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Sensible use of e-mail in clinical practice

Consider e-mailing appointment reminders or drug instructions to facilitate patient understanding and adherence

Vol. 8, No. 7 / July 2009

As Internet use grows, so has patient demand for e-mail access to their physicians. Using e-mail in psychiatric practice has many advantages but also some unique drawbacks.


For you, e-mail’s advantages include:

  • decreased “phone tag” with patients
  • ability to respond to requests at your convenience
  • an automatically generated medical record1
  • easy distribution of handouts and references to patients, eliminating the need to store paper copies.

Using e-mail also could facilitate patient understanding and adherence. For example, consider e-mailing appointment reminders or medication instructions or asking cognitive-behavioral therapy patients to send in daily homework.

E-mail’s advantages for patients include:

  • increased satisfaction and participation in care
  • convenience
  • better understanding of instructions that can be reread vs verbal information that might not be recalled.

Some patients may be more comfortable discussing sensitive topics via e-mail than in person.1 In my practice, I’ve found this to be the case with university students, particularly those with anxiety disorders.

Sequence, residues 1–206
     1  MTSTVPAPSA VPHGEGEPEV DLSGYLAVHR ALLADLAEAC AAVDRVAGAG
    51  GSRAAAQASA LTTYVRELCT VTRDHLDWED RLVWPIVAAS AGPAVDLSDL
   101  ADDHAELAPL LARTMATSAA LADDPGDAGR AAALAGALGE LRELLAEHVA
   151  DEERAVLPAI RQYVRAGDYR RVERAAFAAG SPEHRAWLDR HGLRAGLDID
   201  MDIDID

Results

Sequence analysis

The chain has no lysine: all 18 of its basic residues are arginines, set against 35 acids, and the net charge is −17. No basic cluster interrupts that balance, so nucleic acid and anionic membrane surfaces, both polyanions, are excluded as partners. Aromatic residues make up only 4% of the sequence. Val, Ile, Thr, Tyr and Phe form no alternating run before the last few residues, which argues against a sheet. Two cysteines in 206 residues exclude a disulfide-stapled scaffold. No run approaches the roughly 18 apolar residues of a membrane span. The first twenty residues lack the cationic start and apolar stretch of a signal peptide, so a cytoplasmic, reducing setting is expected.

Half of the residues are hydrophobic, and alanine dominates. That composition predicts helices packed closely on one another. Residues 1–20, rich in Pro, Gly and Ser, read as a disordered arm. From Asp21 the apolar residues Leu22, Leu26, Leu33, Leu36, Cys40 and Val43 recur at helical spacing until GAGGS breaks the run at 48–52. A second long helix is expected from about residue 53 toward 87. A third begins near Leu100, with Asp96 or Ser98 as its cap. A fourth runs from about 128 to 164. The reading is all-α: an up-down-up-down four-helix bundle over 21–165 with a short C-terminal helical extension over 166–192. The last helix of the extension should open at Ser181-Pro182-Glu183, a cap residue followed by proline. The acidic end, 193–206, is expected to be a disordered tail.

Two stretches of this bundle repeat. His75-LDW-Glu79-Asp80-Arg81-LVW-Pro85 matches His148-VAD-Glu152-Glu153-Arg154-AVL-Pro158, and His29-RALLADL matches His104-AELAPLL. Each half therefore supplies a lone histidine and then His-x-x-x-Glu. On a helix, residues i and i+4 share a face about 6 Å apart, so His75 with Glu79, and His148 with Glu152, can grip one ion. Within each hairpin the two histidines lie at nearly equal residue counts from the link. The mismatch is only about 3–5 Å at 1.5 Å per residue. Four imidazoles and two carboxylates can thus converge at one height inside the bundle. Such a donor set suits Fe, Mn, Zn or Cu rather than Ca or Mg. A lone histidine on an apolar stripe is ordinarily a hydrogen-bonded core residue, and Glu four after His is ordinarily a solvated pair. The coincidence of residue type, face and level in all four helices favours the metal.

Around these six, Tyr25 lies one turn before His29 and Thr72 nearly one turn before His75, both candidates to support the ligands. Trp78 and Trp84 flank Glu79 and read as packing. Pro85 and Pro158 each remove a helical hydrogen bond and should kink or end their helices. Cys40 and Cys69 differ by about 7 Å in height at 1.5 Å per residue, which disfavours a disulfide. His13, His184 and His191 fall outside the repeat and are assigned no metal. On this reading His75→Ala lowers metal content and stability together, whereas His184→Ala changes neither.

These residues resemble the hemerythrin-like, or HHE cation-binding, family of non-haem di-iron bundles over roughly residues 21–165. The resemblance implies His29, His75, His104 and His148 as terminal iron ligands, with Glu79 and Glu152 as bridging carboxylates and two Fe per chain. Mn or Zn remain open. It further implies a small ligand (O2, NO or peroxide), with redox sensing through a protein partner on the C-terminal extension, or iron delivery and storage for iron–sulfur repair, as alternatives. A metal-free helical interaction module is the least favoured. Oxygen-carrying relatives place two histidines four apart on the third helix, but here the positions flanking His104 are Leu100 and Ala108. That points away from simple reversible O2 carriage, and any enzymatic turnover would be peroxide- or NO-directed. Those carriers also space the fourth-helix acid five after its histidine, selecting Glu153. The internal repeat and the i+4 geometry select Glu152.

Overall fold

For example, a patient of mine with a history of trauma dropped out of treatment after revealing aspects of the trauma early in therapy. He did not respond to my phone calls, but after several weeks he unexpectedly e-mailed me. After an e-mail exchange about what happened, he returned to therapy and came weekly for several years. I feel this positive outcome occurred because he could contact me in a way that provided him a sense of distance, control, and safety.

E-mail guidelines

Potential risk of malpractice is a drawback of using e-mail in clinical practice. Malpractice by definition requires 2 elements:

  • a patient-physician relationship—which unsolicited e-mail likely can establish if a physician gives advice that the patient takes2
  • a breach of duty that results in harm to the patient.

The American Medical Association’s extensive guidelines suggest how physicians who use e-mail can reduce their malpractice risk (Table).3 In addition, individual states may have rules governing the use of e-mail in clinical practice.

Don’t diagnose or treat by e-mail

Diagnosis and treatment via e-mail could be considered substandard care. Patients might not be forthcoming about symptoms in an e-mail, either because of concerns about how symptoms might be perceived or poor insight. The lack of auditory and visual cues makes proper assessment difficult and can increase the risk of misdiagnosis and inappropriate treatment.2 This is especially true in psychiatry, where diagnosis can rely heavily on analyzing a patient’s physical presentation, including psychomotor behavior, affect, and speech patterns.